ATM Signaling Facilitates Repair of DNA Double-Strand Breaks Associated with Heterochromatin

Aaron A. Goodarzi, Angela T. Noon, Dorothee Deckbar, Yael Ziv, Yosef Shiloh, Markus Löbrich, Penny A. Jeggo*

*Corresponding author for this work

Research output: Contribution to journalArticlepeer-review

711 Scopus citations

Abstract

Ataxia Telangiectasia Mutated (ATM) signaling is essential for the repair of a subset of DNA double-strand breaks (DSBs); however, its precise role is unclear. Here, we show that ≤25% of DSBs require ATM signaling for repair, and this percentage correlates with increased chromatin but not damage complexity. Importantly, we demonstrate that heterochromatic DSBs are generally repaired more slowly than euchromatic DSBs, and ATM signaling is specifically required for DSB repair within heterochromatin. Significantly, knockdown of the transcriptional repressor KAP-1, an ATM substrate, or the heterochromatin-building factors HP1 or HDAC1/2 alleviates the requirement for ATM in DSB repair. We propose that ATM signaling temporarily perturbs heterochromatin via KAP-1, which is critical for DSB repair/processing within otherwise compacted/inflexible chromatin. In support of this, ATM signaling alters KAP-1 affinity for chromatin enriched for heterochromatic factors. These data suggest that the importance of ATM signaling for DSB repair increases as the heterochromatic component of a genome expands.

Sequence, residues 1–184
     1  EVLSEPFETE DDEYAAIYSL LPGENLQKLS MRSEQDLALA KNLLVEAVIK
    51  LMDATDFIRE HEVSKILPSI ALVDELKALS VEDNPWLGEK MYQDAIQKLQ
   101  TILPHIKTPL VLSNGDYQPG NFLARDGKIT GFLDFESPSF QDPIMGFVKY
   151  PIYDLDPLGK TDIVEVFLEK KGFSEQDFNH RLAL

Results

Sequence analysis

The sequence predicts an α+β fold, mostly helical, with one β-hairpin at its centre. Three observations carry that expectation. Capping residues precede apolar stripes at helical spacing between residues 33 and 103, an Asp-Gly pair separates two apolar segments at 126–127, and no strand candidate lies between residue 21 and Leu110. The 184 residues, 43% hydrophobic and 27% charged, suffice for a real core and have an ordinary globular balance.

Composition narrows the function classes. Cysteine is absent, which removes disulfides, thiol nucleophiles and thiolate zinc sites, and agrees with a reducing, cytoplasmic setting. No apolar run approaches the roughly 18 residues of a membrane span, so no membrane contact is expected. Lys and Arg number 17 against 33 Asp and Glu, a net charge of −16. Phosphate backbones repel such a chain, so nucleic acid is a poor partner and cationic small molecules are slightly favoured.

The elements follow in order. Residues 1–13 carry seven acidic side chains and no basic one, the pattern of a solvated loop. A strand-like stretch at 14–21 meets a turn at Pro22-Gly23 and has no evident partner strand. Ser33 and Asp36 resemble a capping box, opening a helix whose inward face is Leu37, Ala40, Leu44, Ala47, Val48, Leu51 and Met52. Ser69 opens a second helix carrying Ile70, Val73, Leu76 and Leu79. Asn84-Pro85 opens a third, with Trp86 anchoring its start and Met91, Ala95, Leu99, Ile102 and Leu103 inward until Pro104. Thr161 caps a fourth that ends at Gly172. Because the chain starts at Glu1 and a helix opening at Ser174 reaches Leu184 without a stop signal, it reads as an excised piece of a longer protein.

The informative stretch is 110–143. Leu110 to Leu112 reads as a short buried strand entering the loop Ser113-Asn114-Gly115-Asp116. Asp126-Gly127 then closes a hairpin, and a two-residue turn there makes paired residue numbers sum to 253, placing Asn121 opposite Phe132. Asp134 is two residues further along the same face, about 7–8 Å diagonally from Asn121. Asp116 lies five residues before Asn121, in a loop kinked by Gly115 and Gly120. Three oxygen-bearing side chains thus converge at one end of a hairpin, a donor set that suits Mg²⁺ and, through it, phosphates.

Original languageEnglish
Pages (from-to)167-177
Number of pages11
JournalMolecular Cell
Volume31
Issue number2
DOIs
StatePublished - 25 Jul 2008

Funding

FundersFunder number
Forschungszentrum Karlsruhe02S8135, 02S8355
International Association for Cancer Research
Leukaemia Research Fund
Wilhelm Sander-Stiftung2003.114.1/3
Medical Research CouncilG0500897
European CommissionLSHG-CT-2005-512113, FI6R-CT-2003-508842
Deutsche ForschungsgemeinschaftLO 677/4-1/2
Bundesministerium für Bildung und Forschung
Alberta Heritage Foundation for Medical Research
Department of Health, Australian Government

    Keywords

    • DNA
    • SIGNALING

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